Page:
These movies make us laugh, cry and expand our beliefs as they teach us the most a-typical of notions. We watch and learn to release engrained concepts in order to venture into the unknown. These are movies that help us walk through the door of understanding.
"... And in all your getting get understanding. Exalt her, and she will promote you; She will bring you honor, when you embrace her." Proverbs 4:7&8
We Parents of Special Needs children often stumble upon it. We slide in by default realizing why what WE THOUGHT WOULD WORK for our kid actually had an extreme adverse affect. It's really not fun. I've -believe it or not- forgotten and had to re-learn these lessons, remembering I had actually known that it ... caused a problem not a solution.
Like, telling people a funny thing Carter said or did! My doing this elicits a huge riff and endless tales of how I always do that to him!!!!
Brittney Spears said it best, "Opps I did it again, I played with your heart, got lost in the game. Oooo Baby baby."
Thank God, I've gotten sooooo much better.
Or like going on outings without bringing chew toys for Bakary ... because something IS going to be chewed on! It's best for me to forecast and make the proper choices so that nick nacks, paddy wacks and dog's bones don't go into his mouth... which has happened more times than I'd like to admit ;-0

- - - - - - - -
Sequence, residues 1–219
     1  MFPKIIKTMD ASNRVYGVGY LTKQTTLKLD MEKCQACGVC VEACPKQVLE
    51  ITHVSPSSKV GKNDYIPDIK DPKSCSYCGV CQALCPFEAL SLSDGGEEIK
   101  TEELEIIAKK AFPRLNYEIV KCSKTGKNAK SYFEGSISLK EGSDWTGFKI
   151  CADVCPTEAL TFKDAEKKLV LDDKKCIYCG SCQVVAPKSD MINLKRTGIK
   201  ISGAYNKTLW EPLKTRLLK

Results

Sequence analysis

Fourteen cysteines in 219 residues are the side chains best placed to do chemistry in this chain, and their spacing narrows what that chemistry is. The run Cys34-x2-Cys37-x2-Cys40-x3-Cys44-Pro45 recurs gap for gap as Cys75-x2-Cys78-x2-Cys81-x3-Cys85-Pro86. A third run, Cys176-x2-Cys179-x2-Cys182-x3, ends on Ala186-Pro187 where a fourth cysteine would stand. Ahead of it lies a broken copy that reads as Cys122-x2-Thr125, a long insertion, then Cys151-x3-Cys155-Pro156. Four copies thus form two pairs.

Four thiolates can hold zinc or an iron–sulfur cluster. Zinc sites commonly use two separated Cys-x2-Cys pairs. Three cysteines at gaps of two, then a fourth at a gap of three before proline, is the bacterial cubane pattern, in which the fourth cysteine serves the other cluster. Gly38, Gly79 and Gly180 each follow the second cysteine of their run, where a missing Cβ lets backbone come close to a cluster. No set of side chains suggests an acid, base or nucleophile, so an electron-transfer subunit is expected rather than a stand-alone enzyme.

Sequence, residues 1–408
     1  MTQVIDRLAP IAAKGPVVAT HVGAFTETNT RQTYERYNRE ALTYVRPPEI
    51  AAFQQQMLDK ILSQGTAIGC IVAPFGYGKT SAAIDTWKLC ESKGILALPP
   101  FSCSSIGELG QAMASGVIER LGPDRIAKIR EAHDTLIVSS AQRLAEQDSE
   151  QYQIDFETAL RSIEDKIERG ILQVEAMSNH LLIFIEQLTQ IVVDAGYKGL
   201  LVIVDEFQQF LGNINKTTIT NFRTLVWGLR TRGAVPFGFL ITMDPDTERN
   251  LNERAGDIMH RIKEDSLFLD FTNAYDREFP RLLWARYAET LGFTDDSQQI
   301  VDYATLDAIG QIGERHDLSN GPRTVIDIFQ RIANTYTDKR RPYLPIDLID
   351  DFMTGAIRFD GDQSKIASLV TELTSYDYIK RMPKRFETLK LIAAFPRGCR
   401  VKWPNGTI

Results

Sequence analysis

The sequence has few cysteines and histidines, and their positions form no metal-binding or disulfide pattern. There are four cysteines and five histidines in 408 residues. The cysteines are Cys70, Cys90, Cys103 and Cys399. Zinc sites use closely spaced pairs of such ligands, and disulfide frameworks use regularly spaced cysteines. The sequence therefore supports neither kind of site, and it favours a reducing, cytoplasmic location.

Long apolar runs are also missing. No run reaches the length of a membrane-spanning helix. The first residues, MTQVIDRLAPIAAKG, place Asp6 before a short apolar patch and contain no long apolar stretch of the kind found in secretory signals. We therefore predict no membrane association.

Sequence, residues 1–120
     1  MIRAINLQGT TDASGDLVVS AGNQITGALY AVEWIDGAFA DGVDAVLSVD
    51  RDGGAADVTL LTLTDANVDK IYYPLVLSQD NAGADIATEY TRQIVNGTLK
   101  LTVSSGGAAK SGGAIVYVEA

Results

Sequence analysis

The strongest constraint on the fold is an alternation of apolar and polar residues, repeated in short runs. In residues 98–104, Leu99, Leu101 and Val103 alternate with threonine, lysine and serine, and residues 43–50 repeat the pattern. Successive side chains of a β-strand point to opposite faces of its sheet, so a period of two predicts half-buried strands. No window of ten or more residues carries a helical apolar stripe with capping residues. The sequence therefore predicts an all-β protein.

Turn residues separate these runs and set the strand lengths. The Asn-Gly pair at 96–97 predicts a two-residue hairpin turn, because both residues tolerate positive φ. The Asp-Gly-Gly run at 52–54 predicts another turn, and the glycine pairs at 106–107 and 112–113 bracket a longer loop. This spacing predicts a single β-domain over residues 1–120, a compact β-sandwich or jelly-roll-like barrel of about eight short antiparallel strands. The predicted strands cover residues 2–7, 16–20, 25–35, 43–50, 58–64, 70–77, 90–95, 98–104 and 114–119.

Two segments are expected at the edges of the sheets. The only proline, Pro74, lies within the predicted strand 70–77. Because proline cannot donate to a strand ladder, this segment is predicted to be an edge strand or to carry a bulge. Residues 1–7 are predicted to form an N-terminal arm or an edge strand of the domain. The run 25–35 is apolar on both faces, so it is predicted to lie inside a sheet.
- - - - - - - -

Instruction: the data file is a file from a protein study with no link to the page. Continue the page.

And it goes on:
"Wretches and Jabbers" teaches us to consider the feelings of ASD individuals. "The Horse Boy" teaches us to trust our Parental instincts especially when they seem far out. "Autism the Musical" teaches us to get our children involved - to push them even - yet stand close by to help others discern/read or rangle them. "Rain Man" shows us what not to do. "Dad's In Heaven with Nixon" uncovers the often hidden brilliance of ASD individuals. "A Mother's Courage" exposes methods for non verbal spectrum children to communicate, thoroughly. The "Temple Grandin" film gives us insight to the thoughts and genius our children may possess. "Guang" sensitively depicts the plight, burden and love of sibling care givers.
Share these films with those you know. Build your DVD library with movies about our norm. (See links to the left ;-) Inspire others to increase awareness through these wonderful stories crafted to tell people about the Super Heroes we know and love dearly.
The Lord called me to create a documentary sharing how He helps me raise my children in midst of their diagnosis of autism in the midst of divorce and in the midst of survival as an at home Mom. The documentary's purpose is to help people understand and learn how to include the autism culture into society both socially and professionally by seeing what we go through. It's a blessing that ACT-Today's Nancy Alspaugh-Jackson, Special Needs Network's Areva Martin, Esq. and Author of "The Autism Book," Dr. Robert Sears became a part of the documentary to provide facts that affect families like ours. The premiere screening will be on February 25th, 2012 in our town, Sherman Oaks, CA. God has inspired me in my trials to inspire others. Talk about a humbling experience!
Please visit mythieroboys.com to learn more and encourage those in your town to host a screening of "My Thiero Boys: A lifestyle dealing with Autism." Your support, small or large, will grow this world's autism awareness. One day complete acceptance with will be the rule!
Please forward this wonderful news to inspire those you know and love.
Thank you for your time.
For comments email me at
Vana Thiero, Autism Advocate and Documentarian, also serves on the Board of Directors of two non-profit organizations: The Samaritan's House Foundation and Safe Passage. To learn more about these charities visit thesamaritanshouse.org and safepassagelives.org.